In October, news broke that the National Highway Traffic Safety Administration had opened an investigation into the Chevrolet Bolt EV due to a possible battery fire during charging. On Friday, Chevrolet announced to affect all model year 2017 and 2018 Bolt EVs, as well as of course the MY2019 Bolt EV.
The problem involves LG Chem’s factory-built battery pack in Oshang, Korea. Chevrolet states that, working with NHTSA, it confirmed a total of five bolt EV fires due to the problem, which occurred when the cars’ battery packs were fully charged.
Affected owners should contact their local Chevrolet dealer to schedule the software fix, which is available later this week. (You can check NHTSA’s database to see if your vehicle identification number is included.) The update will prevent more than 90 percent of the battery from being charged, and Chevrolet says it will have a permanent fix that will keep the battery Restores 100 percent of its capacity to use its state. As soon as possible after January 1, 2021.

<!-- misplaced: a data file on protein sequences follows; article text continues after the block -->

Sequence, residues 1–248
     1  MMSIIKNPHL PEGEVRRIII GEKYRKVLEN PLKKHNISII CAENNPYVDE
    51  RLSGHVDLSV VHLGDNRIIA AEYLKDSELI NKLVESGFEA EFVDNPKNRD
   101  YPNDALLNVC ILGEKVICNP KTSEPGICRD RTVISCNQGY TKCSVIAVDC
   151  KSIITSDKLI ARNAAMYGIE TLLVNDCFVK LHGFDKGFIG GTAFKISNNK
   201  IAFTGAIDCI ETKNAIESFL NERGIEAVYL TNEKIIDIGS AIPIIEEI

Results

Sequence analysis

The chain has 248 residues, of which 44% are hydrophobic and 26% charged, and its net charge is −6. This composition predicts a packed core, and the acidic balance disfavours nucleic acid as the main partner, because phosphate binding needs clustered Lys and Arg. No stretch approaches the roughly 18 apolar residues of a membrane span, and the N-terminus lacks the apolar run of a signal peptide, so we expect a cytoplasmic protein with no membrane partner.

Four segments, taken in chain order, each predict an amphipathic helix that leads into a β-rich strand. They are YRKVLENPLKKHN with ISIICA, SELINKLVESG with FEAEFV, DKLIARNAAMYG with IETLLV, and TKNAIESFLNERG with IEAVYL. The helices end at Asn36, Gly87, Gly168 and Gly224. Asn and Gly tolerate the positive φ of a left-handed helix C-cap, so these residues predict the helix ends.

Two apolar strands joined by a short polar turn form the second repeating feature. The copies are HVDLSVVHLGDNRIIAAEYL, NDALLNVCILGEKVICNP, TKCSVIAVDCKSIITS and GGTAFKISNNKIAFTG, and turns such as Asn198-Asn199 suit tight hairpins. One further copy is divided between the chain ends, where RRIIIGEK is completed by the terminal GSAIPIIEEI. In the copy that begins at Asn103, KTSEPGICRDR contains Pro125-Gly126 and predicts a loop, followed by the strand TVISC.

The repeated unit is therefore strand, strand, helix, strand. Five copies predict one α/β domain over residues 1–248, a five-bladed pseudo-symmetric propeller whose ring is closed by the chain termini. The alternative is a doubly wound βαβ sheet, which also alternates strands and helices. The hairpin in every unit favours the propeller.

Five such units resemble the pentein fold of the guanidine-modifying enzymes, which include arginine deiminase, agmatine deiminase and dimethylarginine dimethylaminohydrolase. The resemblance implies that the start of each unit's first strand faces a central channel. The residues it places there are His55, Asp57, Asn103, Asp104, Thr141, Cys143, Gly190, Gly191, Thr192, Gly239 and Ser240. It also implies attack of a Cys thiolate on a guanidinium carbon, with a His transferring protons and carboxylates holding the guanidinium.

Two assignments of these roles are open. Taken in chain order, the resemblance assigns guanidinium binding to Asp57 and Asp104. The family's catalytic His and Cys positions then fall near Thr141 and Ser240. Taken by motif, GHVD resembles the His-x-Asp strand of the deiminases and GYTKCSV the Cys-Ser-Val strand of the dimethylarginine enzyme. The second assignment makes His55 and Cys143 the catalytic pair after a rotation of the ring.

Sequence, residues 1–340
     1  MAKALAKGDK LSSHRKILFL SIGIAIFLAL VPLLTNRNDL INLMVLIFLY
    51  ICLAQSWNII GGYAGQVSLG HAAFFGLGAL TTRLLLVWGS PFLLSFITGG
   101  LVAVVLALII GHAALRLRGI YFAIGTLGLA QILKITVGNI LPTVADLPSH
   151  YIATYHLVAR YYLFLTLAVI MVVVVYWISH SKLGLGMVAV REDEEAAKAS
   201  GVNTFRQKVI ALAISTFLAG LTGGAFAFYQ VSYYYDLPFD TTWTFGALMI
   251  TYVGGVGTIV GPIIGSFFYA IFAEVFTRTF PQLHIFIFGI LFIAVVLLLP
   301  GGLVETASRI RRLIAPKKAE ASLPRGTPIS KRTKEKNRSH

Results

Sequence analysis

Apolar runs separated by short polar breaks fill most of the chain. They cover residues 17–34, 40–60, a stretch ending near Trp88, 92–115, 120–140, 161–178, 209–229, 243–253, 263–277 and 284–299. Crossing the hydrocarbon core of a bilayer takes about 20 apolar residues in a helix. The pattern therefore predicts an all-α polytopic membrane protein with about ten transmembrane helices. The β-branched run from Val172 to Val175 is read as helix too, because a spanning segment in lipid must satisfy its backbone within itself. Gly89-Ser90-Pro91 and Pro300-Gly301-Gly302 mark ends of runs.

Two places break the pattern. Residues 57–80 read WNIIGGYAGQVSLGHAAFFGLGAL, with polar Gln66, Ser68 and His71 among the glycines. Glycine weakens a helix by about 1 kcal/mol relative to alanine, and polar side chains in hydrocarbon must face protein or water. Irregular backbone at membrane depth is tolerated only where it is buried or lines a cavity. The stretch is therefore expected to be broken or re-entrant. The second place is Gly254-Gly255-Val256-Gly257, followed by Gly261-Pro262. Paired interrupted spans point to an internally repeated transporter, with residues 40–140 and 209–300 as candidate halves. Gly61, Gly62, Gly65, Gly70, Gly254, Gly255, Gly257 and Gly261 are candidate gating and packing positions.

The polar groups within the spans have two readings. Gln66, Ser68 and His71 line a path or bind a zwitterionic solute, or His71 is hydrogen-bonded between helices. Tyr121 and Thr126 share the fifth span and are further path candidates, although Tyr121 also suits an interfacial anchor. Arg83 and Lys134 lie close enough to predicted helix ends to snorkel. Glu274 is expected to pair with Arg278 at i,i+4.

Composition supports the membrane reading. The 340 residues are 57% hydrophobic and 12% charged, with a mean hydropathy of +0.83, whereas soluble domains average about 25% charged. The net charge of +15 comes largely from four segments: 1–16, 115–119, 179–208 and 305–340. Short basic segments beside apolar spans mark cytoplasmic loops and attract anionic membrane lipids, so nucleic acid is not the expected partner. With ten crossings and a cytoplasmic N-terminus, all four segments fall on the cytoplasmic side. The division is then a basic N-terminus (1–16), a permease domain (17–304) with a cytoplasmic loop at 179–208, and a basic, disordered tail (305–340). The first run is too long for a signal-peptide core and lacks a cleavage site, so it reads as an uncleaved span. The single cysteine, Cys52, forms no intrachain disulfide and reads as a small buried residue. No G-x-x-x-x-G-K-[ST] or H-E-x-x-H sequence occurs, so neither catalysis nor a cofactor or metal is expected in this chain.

Meanwhile, Chevrolet is asking owners of affected cars to change their charging settings to prevent any possibility of a fire before applying patches.
For owners of the MY2017 and MY2018 Bolt EVs, this means enabling Hilltop Reserve Mode, which instructs the battery to leave 10 percent overhead on charging. For owners of affected MY2019 Bolt EVs, which have slightly different settings, Chevrolet calls for enabling the target charge mode, which should be set to 90 percent. (Video instructions are available on Chevrolet’s Bolt EV recall page.) The company says that if you are not sure whether to install yourself, you should not keep your Bolt EV in the garage or under the carport until The car has not been compromised.